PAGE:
The Definition of a Mutual Fund

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Mutual funds are the most popular way for everyday investors to make money because they are simple to understand and easy to buy and sell. Buying shares in a mutual fund is similar to buying shares in a publicly-traded company except for one key distinction: With a mutual fund, you're buying shares in a portfolio of stocks or bonds (or a mix of both) rather than in a single company.

Mutual Fund Basics

In the simplest terms, a mutual fund is like a basket of investments. Each basket holds certain stocks, bonds, or a blend of stocks and bonds that are chosen by an investment professional or a team of investment professionals.

A mutual fund has a particular strategy or theme. For example, it might invest in stocks from around the globe or a particular region or country. It might focus on the stocks of companies that pay high dividends or have quickly growing revenues and, maybe but not always, earnings. Its managers might select stocks they believe are undervalued or bonds they believe will be less prone to credit risk.

A mutual fund is an open-end investment company—that is, one that can issue and redeem shares whenever it wants. After you have bought shares in a mutual fund, you can sell them back to the fund—either directly or through a broker—for roughly the shares' net asset value (NAV).

The fund's NAV must be calculated once every trading day, generally after the close of exchanges. It's simply the value of the fund's assets minus the amount of its liabilities. The NAV of a single share is calculated by dividing the fund's NAV by the number of outstanding shares.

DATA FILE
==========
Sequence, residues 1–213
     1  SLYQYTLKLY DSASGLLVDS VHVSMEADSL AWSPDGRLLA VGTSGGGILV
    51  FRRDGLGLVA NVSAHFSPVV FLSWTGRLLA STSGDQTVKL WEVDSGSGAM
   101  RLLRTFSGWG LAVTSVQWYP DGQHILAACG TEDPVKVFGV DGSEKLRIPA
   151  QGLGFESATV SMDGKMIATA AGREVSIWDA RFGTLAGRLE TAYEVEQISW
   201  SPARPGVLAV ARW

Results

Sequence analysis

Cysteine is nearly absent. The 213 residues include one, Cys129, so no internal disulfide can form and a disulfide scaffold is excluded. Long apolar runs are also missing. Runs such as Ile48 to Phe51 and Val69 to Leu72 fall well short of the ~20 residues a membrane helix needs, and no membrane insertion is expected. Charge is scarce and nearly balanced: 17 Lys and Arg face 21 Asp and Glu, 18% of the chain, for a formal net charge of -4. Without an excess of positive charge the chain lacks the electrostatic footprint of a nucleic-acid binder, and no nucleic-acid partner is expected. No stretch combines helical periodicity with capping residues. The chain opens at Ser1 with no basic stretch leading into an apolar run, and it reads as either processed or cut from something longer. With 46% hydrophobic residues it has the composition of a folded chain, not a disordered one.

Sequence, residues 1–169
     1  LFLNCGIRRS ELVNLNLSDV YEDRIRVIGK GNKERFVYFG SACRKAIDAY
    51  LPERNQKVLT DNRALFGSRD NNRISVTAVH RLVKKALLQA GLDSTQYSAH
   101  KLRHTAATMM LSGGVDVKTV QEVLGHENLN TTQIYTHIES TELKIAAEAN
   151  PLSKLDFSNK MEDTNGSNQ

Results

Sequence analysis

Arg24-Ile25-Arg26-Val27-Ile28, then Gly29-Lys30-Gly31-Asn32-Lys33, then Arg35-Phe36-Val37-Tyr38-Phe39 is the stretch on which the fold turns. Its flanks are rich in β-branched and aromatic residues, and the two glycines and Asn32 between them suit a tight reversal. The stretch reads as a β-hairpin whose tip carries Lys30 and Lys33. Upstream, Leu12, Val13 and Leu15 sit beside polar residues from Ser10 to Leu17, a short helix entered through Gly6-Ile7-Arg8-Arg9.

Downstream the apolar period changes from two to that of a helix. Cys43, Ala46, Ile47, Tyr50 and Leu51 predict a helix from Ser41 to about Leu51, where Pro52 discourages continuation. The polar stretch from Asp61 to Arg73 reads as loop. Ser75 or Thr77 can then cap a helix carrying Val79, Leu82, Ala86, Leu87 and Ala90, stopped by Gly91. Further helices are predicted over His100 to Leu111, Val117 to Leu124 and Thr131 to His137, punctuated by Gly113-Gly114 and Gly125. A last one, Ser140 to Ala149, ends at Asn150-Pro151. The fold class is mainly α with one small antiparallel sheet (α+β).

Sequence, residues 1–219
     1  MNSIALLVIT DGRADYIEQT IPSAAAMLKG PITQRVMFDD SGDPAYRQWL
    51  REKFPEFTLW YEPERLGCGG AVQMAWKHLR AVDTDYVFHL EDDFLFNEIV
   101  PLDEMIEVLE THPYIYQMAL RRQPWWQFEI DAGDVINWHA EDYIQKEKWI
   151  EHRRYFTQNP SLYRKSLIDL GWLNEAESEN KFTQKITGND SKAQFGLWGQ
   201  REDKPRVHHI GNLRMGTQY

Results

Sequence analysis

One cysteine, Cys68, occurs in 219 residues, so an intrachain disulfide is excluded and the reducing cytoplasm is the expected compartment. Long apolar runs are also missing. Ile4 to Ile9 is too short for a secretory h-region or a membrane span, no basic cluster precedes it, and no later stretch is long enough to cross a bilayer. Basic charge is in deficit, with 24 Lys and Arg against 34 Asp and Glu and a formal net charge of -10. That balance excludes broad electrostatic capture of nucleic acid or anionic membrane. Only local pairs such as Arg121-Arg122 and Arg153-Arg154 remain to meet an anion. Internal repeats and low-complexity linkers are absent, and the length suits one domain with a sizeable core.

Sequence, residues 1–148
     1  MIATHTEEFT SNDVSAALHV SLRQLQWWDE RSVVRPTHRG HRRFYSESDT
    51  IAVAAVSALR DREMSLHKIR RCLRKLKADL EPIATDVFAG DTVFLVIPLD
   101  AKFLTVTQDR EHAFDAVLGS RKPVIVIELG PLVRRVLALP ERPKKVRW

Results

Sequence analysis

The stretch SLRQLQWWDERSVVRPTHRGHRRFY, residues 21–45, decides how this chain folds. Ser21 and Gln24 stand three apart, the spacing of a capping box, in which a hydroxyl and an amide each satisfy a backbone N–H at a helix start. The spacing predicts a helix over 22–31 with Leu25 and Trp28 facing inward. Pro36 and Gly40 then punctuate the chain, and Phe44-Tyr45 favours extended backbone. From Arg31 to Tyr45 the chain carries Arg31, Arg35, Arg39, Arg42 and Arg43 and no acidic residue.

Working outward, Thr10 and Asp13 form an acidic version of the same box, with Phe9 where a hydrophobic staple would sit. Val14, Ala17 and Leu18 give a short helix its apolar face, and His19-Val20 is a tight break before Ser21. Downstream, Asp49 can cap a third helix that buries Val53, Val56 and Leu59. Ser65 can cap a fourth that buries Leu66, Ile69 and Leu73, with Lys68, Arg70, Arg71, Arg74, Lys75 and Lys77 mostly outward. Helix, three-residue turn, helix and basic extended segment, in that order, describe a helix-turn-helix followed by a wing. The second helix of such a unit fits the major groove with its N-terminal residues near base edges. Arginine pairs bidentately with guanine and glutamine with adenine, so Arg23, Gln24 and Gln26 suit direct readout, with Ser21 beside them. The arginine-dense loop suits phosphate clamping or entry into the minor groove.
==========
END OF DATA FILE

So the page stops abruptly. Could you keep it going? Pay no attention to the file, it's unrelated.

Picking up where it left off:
Mutual fund investors do not actually own the holdings—the stocks or bonds—that have been purchased by the fund. Rather, they benefit from owning shares of the fund that owns those holdings whenever the values of the holdings increase.

The Advantages of Mutual Funds

Some of the main benefits of mutual funds are simplicity, diversification, versatility, and accessibility.

  • Simplicity: Most investors do not have the knowledge, time, or resources to build their own portfolio of individual stocks and bonds from scratch. However, buying shares of mutual funds enables investors to benefit from a professionally managed, diverse portfolio even if they have little or no knowledge of investing concepts and strategies.
  • Diversification: All investors, beginners and pros alike, should know that proverbially putting all of their eggs into one basket—keeping all of their money in a single investment—is not wise. That old saying makes the case for investment diversification with mutual funds. To diversify with stocks, an investor might need to buy 20 or more securities. However, some broadly themed mutual funds offer a great deal of diversification. For example, an index fund can give you exposure to all the stocks in a major market benchmark. And a balanced fund enables you to invest in stocks and bonds at the same time.
  • Versatility: There are so many types of mutual funds that investors can gain access to almost any segment of the market imaginable. For example, sector funds make it possible for investors to buy into focused areas of the stock market, such as health care or financials. Investors can also get exposure to commodities, such as gold and other precious metals or oil and natural gas, by investing in a fund that buys shares in companies that produce those commodities. This versatility can be used to produce further diversification as an investor's portfolio of mutual funds grows.